Your Inner Athlete: How an Attitude of Gratitude Can Help Performance

By Dr. Haley Perlus on November 12, 2015 , categorized in Endurance, Strength + Conditioning

When you take 20 athletes of equal ability and give ten of them mental training, the ten with mental training will outperform the others every time. Whether you’re an athlete in competition, a health enthusiast, or new to sport and fitness, Sport Psychologist Dr. Haley Perlus shares how professional athletes mentally train to maximize results­—and how you can apply these insights to your life. Read on to empower yourself to take control of your mind, overcome fear and doubt, and realize your true potential.

The truth is it doesn’t matter how educated you are about the dos and don’ts of food and fitness if you don’t have the mindset to follow through on your intentions. Mental toughness, specifically an attitude of gratitude, is an important part of high performance.

The best way to explain what it means to have an attitude of gratitude is to focus on the Gratitude Five: Love, Labor, Learn, Laughter, and Let Go.

Love.

For optimal performance, one of the greatest shifts in perceptions is moving from an attitude of what do I have to do to what do I get to do. Although you may have begun your nutrition and fitness program for extrinsic motives such as qualifying for a race, when you pay attention to the strength, enthusiasm, courage, and confidence you experience, you can develop a deep love for your healthy behaviors and, even more important, a profound love for yourself.

One way to shift your perception about food and fitness is to replace old damaging thoughts with new, empowering, and loving thoughts that can help keep you in an attitude of gratitude and enhance your performance. For example, replace My body was not meant for yoga with Yoga challenges my mind and body to experience amazing things! And replace I hate spinach but I have to eat it to Eating spinach makes me feel good!

Labor.

Any worthwhile performance goal requires you to fight for it. Top performers understand that to experience ultimate pleasure, they often endure some discomfort. What helps them to cope with the pain is acknowledging it exists, accepting that it’s part of the process, and being grateful for it because it is a sign they are on the right path to personal excellence.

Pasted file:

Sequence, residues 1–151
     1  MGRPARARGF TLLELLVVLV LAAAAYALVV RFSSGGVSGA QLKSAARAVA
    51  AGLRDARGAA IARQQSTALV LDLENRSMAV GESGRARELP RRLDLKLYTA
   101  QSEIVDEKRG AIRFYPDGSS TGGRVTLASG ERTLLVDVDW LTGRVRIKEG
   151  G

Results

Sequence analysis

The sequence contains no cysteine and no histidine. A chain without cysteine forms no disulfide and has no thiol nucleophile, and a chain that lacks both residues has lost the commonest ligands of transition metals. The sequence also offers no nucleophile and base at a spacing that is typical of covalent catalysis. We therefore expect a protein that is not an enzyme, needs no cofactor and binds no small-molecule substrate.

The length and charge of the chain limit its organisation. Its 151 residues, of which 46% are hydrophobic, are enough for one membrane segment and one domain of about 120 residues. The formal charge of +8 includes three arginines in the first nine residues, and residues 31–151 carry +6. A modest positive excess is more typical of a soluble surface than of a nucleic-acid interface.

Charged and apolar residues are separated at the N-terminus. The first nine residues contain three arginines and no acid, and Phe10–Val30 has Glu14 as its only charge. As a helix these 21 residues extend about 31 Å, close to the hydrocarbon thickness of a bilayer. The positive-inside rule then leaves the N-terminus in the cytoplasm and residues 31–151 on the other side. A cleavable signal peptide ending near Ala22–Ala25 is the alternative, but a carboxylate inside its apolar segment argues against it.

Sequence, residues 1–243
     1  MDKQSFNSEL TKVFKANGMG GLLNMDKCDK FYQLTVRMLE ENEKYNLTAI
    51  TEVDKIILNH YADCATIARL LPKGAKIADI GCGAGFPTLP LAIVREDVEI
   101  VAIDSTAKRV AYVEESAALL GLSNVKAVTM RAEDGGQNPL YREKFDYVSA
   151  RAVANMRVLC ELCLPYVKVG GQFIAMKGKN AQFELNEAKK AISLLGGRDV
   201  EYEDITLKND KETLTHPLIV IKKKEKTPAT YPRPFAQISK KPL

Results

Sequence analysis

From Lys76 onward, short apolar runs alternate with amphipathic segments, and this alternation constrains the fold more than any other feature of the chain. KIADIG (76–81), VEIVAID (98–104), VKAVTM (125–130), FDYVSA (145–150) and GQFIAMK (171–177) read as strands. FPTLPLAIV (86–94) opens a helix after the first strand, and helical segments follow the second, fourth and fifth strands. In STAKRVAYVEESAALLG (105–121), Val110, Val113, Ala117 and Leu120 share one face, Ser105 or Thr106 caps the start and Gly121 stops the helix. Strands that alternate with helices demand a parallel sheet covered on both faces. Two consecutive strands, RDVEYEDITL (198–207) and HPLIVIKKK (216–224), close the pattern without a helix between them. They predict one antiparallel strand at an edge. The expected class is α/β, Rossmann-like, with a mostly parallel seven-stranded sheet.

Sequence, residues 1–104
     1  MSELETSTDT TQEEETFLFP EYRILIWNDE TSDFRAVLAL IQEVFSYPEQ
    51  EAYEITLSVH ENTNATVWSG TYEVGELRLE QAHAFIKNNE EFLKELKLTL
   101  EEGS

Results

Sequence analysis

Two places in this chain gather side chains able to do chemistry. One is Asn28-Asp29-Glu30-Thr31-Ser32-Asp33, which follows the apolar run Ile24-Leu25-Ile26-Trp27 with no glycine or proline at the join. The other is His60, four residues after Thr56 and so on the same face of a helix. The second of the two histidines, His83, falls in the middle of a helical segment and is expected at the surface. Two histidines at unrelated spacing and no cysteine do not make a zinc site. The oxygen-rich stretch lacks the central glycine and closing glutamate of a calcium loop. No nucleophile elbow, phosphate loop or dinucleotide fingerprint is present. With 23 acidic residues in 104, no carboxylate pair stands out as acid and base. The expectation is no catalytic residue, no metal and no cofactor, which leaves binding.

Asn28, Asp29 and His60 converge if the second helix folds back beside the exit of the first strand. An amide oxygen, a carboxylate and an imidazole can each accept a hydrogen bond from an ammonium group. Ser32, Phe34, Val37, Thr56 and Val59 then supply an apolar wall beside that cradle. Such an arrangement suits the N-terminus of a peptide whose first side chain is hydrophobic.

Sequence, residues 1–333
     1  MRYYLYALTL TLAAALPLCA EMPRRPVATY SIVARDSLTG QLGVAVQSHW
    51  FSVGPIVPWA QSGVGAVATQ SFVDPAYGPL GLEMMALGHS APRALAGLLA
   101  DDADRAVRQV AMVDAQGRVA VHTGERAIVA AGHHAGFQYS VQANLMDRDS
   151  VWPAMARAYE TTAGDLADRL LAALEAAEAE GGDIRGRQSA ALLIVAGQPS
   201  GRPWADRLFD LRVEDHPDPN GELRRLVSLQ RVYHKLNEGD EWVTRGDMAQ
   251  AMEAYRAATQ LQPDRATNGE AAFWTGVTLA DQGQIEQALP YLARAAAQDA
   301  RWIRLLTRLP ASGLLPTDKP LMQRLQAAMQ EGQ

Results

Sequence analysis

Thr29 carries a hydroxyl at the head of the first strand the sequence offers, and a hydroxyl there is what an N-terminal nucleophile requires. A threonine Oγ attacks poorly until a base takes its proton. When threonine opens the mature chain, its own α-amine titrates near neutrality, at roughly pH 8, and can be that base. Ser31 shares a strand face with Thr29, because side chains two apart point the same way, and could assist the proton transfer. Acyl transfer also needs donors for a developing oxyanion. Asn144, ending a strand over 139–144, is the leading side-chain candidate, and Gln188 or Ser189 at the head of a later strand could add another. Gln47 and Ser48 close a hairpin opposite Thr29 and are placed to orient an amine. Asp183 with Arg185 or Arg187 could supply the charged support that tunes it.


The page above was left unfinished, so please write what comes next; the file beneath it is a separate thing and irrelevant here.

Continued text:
A good friend once told me that, in every training session, he experiences a moment of struggle. It’s in this moment when he says to himself, “why am I putting myself through this?” He then reminds himself of his performance goals and immediately shifts his perception to one of gratitude for the struggle. It’s the struggle of that last pull up, mile run, or five more second hold, that can make your goals a reality.

Learn.

Many of my clients explain to me that learning about fitness and nutrition is overwhelming and confusing. They want someone who will tell them what to eat and how to train. How about you? Would it be easier for  someone just gave you a set menu each day, told you how to move to exert the most calories, and sent you on your way? Although I understand the desire, I also know that, without a clear understanding of why you eat and train a certain way, the behavior of simply following someone else’s instructions will not help you to get results that last.

Every day, you can visit the Vega Learning Center for new information about plant-based nutrition, fitness and more. I recommend setting a goal to sift through the content and pick one tip to experiment with. Focusing on one tip to implement can help eliminate feeling overwhelmed and make room to truly appreciate what you just learned and how it can help you to improve your performance.

Laughter.

I know that your health and performance is serious stuff. That said, when you do make a mistake, appreciating the experience and using laughter to move through it can help you to bounce back quickly. Humor is a main ingredient for health, happiness, and resilience. The next time you find yourself feeling awkward in a new yoga pose, tripping on your trail run, or burning a new recipe in the oven, do your best to be grateful for what that experience has taught you. Laugh at yourself to make the moment less intense. Then, you’ll be able to not just move forward quickly, but also with a fun story to share with others.

Let Go.

Professional athletes are obsessed with their performance, but most are equally grateful for the time off the field. Your performance goals are important – as they should be. When it’s time to eat and train, exert maximum effort towards your goals. Then, leave your nutrition and training “on the field” and carry out the rest of your day with equal enthusiasm, dedication, and gratitude.

The Gratitude Five provide a great overview of what it means to have an attitude of gratitude that can help your performance. Experiment with one today and observe how it can influence your thoughts, emotions, behaviors, and ultimately help your ability to achieve optimal results!

 

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Dr. Haley Perlus

Dr. Haley Perlus is a freelance writer and regular contributor to Vega’s Expert Panel. With a Ph.D. in Sport and Exercise Psychology, M.S. in Sport Pedagogy, and numerous fitness and coaching certifications, Dr. Perlus is an expert at empowering athletes of all types and health enthusiasts achieve peak results. An adjunct professor at the University of Colorado, international speaker, former Alpine ski racer, appointed Industry Leader for IHRSA.org, and author including soon-to-be-released The One Minute Dietand Guidebook to Gold, Dr. Perlus helps people reach their highest standard of performance. For a free chapter of one of her books visit www.DrHaleyPerlus.com

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